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dc.contributor.authorYun, Chao
dc.date.accessioned2019-10-15T11:30:03Z
dc.date.available2019-10-15T11:30:03Z
dc.date.issued2019-10-20
dc.date.submitted2019-01-11
dc.identifier.urihttps://www.repository.cam.ac.uk/handle/1810/297852
dc.description.abstractThis thesis presents studies on engineering the electrical and magnetic properties in oxide thin films using vertically-aligned nanocomposites (VAN). The works aim to enhance their multi-functionality for various memory applications. First, electroforming-free resistive switching (RS) with high ON/OFF ratio is realized in a novel model VAN system based on self-assembled Sm-doped CeO2 and SrTiO3 films that allow separate tailoring of nano-scale ionic and electronic channels at a high density (1012 inch-2). These devices allow precise engineering of the resistance states, thus enabling large and tunable ON/OFF ratios and high stability for acting as resistive random access memory (RRAM) devices. Second, the ferromagnetic insulating (FMI) and metallic (FMM) properties of La0.9Ba0.1MnO3 (LBMO) are tuned using VAN. La0.9Ba0.1MnO3 is FMI in bulk but usually shows metallicity in plain films. By using VAN consisting of CeO2 nanocolumns embedded in a La0.9Ba0.1MnO3 matrix, the FMI property is maintained in thin film form. The CeO2 phase acts as strain-controlling nanocolumns and at the same time, produces light Ce doping of the LBMO and thus filling of intrinsic cation vacancies. Together these reduce the unwanted double exchange (DE) coupling. This is hard to realize in plain LBMO films which contain cation vacancies, and have several strain-relaxing LBMO phases which result in an enhanced Mn4+/Mn3+ ratio, and hence to DE coupling and metallicity. Besides, by varying the growth temperature of the LBMO–CeO2 VAN, the system is engineered from a FMI to a FMM and the magnetoresistance is highly tunable, which are correlated to the tuning of the lateral size of both phases. These effects are attributed to a dimension change-induced change in the electronic band structure. The tunable properties of LBMO–CeO2 VAN make it a good candidate as low-power-consumption, high-Tc FMI and FMM components in magnetic random access memory (MRAM) and spintronic devices. Last, in-situ electric field tuning of magnetic properties is studied in La0.9Ba0.1MnO3-ZnO VAN, a novel candidate for magnetoelectric random access memory (MERAM) devices. The M-H curves and the remanence are tuned by applying electric fields at a low temperature (10 K). The possible origins for the magnetic modifications are discussed rationally, which include Joule heating, piezoelectric strain, current-induced induction field and charge trapping/detrapping related to a resistive switching effect (which is found to be the most likely mechanism for a hysteretic tuning of the remanence). All these effects are correlated to the existence of the ZnO phase. This work helps to understand the charge doping effect in manganite-ZnO VAN systems.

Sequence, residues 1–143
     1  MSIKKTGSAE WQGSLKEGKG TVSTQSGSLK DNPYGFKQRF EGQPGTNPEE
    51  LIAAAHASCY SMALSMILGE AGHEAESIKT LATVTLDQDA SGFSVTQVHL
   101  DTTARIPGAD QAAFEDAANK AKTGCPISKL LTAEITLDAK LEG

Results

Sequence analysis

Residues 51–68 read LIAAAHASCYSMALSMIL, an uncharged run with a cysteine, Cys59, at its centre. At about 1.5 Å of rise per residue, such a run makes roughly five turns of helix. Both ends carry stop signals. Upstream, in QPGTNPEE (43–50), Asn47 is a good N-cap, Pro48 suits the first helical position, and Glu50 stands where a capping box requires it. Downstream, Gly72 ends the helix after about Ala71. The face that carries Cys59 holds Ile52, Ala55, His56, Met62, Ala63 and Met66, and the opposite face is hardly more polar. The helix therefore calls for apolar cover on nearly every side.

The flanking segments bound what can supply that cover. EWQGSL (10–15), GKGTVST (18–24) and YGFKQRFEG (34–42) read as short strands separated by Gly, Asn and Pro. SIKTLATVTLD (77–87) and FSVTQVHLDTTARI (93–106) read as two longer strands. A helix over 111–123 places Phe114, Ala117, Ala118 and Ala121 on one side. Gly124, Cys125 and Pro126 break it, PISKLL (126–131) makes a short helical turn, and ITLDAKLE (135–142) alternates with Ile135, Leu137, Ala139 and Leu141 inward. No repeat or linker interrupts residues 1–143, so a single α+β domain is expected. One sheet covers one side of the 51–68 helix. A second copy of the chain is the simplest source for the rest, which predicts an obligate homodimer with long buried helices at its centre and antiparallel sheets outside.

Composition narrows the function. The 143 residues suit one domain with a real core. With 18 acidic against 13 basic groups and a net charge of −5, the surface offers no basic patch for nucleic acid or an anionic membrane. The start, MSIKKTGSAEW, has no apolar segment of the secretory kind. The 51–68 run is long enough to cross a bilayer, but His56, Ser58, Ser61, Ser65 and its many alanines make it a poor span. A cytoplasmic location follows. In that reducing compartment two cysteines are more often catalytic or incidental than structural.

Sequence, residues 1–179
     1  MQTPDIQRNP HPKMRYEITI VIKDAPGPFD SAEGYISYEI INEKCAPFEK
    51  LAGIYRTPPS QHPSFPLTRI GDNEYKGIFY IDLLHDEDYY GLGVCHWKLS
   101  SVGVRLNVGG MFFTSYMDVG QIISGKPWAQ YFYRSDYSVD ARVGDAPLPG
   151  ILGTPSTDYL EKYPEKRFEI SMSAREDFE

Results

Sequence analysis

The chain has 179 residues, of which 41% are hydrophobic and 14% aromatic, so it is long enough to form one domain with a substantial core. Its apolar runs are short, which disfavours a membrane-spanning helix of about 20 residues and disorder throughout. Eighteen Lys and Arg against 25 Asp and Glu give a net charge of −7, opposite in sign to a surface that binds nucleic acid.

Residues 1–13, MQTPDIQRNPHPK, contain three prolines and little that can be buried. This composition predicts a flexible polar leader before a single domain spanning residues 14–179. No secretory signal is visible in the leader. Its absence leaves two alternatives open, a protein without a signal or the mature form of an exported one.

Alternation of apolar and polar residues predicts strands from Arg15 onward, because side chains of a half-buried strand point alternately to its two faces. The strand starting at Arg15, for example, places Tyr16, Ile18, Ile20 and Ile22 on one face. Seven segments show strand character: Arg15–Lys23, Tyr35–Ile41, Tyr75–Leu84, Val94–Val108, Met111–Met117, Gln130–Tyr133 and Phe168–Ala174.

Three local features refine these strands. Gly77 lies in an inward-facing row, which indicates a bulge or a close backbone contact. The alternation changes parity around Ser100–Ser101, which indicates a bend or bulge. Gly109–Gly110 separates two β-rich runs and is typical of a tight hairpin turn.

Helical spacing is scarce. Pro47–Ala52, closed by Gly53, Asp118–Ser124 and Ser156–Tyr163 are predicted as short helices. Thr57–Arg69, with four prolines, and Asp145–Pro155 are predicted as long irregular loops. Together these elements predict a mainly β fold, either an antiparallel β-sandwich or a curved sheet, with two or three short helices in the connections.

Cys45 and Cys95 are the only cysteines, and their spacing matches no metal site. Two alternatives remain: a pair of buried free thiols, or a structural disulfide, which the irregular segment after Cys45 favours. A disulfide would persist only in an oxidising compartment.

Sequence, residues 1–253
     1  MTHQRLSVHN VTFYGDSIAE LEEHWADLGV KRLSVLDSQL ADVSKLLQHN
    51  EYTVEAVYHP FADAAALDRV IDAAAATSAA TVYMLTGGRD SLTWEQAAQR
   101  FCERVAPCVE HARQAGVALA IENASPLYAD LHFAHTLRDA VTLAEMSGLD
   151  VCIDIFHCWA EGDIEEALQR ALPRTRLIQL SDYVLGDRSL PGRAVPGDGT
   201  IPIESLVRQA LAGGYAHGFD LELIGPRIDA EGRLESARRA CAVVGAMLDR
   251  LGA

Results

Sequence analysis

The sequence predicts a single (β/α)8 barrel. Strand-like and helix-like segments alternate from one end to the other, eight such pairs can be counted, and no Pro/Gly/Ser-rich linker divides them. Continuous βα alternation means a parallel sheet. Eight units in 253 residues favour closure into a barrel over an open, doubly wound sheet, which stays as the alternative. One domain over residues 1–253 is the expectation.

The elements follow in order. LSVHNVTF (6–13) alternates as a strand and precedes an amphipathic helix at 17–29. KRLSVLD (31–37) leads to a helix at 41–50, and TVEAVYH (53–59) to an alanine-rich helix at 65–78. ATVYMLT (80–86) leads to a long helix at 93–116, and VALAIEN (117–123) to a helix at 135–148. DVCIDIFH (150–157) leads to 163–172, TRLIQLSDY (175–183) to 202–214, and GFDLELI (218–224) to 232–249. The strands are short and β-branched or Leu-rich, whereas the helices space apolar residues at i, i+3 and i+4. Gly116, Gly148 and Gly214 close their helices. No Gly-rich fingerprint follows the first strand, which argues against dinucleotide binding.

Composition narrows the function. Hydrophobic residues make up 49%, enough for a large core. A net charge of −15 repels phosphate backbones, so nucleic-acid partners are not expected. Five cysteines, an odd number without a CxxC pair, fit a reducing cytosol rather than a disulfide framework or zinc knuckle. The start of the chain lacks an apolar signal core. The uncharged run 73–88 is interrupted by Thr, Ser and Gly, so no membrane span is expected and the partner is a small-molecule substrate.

dc.description.sponsorshipCambridge Commonwealth, European & International Trust
dc.language.isoen
dc.rightsAll rights reserved
dc.rightsAll Rights Reserveden
dc.rights.urihttps://www.rioxx.net/licenses/all-rights-reserved/en
dc.subjectVertically aligned nanocomposite
dc.subjectFunctional oxide thin films
dc.subjectResistive random access memory
dc.subjectIonic and electronic conductivity
dc.subjectFerromagnetic insulator and ferromagnetic metal
dc.subjectMagnetoelectrics and multiferroics
dc.titleNew ways to tune the multi-functionality of oxide thin films for memory applications
dc.typeThesis
dc.type.qualificationlevelDoctoral
dc.type.qualificationnameDoctor of Philosophy (PhD)
dc.publisher.institutionUniversity of Cambridge
dc.publisher.departmentDepartment of Materials Science & Metallurgy
dc.date.updated2019-10-14T15:20:52Z
dc.identifier.doi10.17863/CAM.44906
dc.publisher.collegeKing's College
dc.type.qualificationtitlePhD in Materials Science
cam.supervisorDriscoll, Judith
cam.thesis.fundingfalse
rioxxterms.freetoread.startdate2020-10-15


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